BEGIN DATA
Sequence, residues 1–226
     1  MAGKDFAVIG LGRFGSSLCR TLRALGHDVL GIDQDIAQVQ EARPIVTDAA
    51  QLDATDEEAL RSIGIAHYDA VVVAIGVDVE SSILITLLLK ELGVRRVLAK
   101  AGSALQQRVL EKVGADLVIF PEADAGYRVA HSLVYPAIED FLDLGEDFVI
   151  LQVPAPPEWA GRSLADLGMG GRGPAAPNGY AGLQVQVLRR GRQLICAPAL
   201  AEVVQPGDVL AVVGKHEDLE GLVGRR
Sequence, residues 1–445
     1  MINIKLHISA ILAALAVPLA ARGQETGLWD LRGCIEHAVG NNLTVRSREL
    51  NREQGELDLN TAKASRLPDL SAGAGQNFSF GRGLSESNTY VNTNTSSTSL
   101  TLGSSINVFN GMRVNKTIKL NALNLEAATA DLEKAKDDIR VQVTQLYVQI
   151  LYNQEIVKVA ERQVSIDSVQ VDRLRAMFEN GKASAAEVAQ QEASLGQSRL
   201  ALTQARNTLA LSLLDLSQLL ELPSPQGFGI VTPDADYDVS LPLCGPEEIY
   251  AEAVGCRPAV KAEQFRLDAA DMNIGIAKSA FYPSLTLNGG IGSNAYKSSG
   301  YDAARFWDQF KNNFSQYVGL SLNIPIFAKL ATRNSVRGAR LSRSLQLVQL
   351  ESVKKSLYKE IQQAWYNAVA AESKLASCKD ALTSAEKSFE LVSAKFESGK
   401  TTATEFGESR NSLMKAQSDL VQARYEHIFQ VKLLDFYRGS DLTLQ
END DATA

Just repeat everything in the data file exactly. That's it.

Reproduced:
Sequence, residues 1–226
     1  MAGKDFAVIG LGRFGSSLCR TLRALGHDVL GIDQDIAQVQ EARPIVTDAA
    51  QLDATDEEAL RSIGIAHYDA VVVAIGVDVE SSILITLLLK ELGVRRVLAK
   101  AGSALQQRVL EKVGADLVIF PEADAGYRVA HSLVYPAIED FLDLGEDFVI
   151  LQVPAPPEWA GRSLADLGMG GRGPAAPNGY AGLQVQVLRR GRQLICAPAL
   201  AEVVQPGDVL AVVGKHEDLE GLVGRR
Sequence, residues 1–445
     1  MINIKLHISA ILAALAVPLA ARGQETGLWD LRGCIEHAVG NNLTVRSREL
    51  NREQGELDLN TAKASRLPDL SAGAGQNFSF GRGLSESNTY VNTNTSSTSL
   101  TLGSSINVFN GMRVNKTIKL NALNLEAATA DLEKAKDDIR VQVTQLYVQI
   151  LYNQEIVKVA ERQVSIDSVQ VDRLRAMFEN GKASAAEVAQ QEASLGQSRL
   201  ALTQARNTLA LSLLDLSQLL ELPSPQGFGI VTPDADYDVS LPLCGPEEIY
   251  AEAVGCRPAV KAEQFRLDAA DMNIGIAKSA FYPSLTLNGG IGSNAYKSSG
   301  YDAARFWDQF KNNFSQYVGL SLNIPIFAKL ATRNSVRGAR LSRSLQLVQL
   351  ESVKKSLYKE IQQAWYNAVA AESKLASCKD ALTSAEKSFE LVSAKFESGK
   401  TTATEFGESR NSLMKAQSDL VQARYEHIFQ VKLLDFYRGS DLTLQ